2. In a sense, these games already exist: Second Life, LambdaMOO, and any given text-based MU* allow for extensive scripting and automating. The first two give the access out freely; the second tend to be somewhat discerning. (I believe the superhero MMO whose name I forget also allowed a certain amount of scripting?) It certainly does attract players, and especially geeks. I've written my share of MUSHcode, and I enjoyed it thoroughly.

    Critically, though, none of those had markets. As soon as you have bots interacting with bots, which is what the market would produce, you have a very heavy load on the servers 23.5/7, and there's not any place on the market for ordinary people, except to satisfy buy orders and swallow sell orders.

    Also, LambdaMOO is a non-combat environment. CCP has been wise to keep automation out, because in the environment they cultivate for EVE, automation would be a fearsome weapon, only counterable by more automation, and CCP's server farm would melt under the strain.

    I think the real problem is the absolute paucity of available products and quality levels and the non-existence of retail. With no reason to prefer one person's Brutix to another's, and no reason to prefer one kind of Veldspar to another for the countertops in the kitchen your CQ doesn't have, the only variable is price (and really, the only market is Jita), so it's no surprise that traders obsess on price. Make industry more interesting than the slightly-more-involved WoW-style crafting that it is now, and maybe things will change.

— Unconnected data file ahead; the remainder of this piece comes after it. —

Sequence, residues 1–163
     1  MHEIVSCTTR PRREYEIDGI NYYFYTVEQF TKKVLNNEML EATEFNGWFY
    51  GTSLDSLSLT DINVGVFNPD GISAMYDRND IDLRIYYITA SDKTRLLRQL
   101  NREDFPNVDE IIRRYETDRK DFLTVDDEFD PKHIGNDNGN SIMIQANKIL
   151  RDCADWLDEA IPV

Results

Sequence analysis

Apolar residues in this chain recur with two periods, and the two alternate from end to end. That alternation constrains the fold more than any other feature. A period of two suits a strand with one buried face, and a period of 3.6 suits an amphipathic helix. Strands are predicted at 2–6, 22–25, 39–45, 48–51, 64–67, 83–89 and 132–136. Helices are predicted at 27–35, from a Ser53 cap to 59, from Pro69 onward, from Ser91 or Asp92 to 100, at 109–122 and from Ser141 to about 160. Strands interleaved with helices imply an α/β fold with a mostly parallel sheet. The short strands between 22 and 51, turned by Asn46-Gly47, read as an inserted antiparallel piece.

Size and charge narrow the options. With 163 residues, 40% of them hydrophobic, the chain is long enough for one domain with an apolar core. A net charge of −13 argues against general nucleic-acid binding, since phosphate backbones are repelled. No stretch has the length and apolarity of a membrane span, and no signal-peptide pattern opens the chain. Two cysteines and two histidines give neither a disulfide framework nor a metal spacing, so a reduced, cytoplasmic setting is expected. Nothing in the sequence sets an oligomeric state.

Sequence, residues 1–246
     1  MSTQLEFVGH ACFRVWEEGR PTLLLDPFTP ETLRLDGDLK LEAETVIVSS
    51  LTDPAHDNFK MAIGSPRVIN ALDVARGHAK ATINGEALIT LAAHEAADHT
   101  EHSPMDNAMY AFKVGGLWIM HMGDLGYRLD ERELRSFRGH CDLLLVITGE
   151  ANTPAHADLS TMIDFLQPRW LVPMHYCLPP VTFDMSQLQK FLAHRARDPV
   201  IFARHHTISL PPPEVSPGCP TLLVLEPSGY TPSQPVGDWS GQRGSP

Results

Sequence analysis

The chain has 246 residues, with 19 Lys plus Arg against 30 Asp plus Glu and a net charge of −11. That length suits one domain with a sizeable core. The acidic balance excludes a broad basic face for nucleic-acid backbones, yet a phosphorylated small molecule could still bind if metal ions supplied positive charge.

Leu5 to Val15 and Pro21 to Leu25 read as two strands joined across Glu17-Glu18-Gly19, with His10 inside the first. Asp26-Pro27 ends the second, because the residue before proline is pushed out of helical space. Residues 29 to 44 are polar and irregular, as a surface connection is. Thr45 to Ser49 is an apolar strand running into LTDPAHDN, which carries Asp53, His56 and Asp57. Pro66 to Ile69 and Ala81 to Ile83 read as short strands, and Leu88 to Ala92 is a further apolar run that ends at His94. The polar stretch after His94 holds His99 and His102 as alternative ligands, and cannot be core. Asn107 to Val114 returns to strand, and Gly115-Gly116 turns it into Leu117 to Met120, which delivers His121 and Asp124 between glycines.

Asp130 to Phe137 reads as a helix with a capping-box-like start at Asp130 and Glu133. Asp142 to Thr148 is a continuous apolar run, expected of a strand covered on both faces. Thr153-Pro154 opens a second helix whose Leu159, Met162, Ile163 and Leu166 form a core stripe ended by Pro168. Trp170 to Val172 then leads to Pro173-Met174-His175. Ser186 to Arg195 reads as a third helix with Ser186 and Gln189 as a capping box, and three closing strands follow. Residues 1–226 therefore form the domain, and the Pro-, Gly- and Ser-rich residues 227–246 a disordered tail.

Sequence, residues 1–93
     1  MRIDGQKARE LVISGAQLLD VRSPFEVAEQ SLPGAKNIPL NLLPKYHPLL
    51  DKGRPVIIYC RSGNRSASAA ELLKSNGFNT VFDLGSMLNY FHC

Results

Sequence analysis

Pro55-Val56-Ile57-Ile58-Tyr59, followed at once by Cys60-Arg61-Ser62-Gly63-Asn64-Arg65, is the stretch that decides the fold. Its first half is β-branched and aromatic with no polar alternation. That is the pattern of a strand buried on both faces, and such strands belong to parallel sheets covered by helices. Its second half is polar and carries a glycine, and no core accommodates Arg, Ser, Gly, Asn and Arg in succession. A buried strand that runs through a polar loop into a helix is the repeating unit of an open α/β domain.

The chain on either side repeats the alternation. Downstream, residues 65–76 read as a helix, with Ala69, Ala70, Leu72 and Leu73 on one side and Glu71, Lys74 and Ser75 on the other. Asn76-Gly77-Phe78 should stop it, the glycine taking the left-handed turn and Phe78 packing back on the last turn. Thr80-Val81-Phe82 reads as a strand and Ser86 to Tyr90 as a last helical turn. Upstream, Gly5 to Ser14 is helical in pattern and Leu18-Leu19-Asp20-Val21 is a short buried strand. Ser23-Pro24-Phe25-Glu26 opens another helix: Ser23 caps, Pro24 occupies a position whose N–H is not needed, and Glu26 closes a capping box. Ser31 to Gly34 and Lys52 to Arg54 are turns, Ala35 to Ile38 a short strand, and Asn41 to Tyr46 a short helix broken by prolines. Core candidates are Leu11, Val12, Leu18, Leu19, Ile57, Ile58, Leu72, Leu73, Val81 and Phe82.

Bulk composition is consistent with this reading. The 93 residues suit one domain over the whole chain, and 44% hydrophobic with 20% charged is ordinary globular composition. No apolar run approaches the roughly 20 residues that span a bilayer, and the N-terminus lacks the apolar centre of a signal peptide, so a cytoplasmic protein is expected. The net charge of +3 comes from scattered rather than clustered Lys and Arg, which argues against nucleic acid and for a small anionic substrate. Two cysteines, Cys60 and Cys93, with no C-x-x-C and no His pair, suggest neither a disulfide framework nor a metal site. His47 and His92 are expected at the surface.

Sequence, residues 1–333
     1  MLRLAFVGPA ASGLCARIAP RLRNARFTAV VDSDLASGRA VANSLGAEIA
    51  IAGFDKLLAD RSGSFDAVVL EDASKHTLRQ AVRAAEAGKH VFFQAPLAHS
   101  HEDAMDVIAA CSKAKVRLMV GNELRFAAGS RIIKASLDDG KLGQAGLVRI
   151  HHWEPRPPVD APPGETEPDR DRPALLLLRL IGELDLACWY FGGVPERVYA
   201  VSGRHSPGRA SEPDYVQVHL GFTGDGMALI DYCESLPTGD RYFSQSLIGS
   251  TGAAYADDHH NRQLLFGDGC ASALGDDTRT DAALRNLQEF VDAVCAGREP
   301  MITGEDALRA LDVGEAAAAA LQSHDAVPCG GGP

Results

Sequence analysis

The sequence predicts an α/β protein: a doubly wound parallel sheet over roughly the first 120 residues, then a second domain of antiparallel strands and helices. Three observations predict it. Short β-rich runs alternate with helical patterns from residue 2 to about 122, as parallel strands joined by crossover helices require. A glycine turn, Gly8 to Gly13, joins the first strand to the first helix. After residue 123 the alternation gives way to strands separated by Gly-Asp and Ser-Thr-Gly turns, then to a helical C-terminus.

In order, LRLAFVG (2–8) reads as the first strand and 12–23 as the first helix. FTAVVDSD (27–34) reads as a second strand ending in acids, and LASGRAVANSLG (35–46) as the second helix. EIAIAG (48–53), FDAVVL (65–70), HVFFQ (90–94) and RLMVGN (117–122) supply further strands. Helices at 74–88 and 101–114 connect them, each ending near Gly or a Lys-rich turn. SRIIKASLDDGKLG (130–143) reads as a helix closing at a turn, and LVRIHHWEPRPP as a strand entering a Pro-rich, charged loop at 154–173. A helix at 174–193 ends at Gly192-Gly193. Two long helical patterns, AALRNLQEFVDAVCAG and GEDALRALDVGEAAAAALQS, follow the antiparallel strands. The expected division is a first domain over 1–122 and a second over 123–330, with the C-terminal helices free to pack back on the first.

3. Also go back to your live-blog of Stillman's presentation @ Vegas...what'd he say? Like 1% of all EVE bots are market bots? ;-)

  4. The argument used for market bots can be used for pve botting or even pvp botting.
    The issue is that while one person might think an activity is boring and needs to be automated someone else might think it interesting/entertaining.

    One person wants to allow market bots because he doesn't want to play the market. In that regard I would like a ratting bot so I can go to work and come back and have isk. (Although there would be no sense of accomplishment anymore and i'd quit the game in short order.)

    Someone else might want to pvp but since he is not good at it he needs to automate it..
    Which reminds me of someone who used to play Diablo II. What he really did was watching a bot run the game.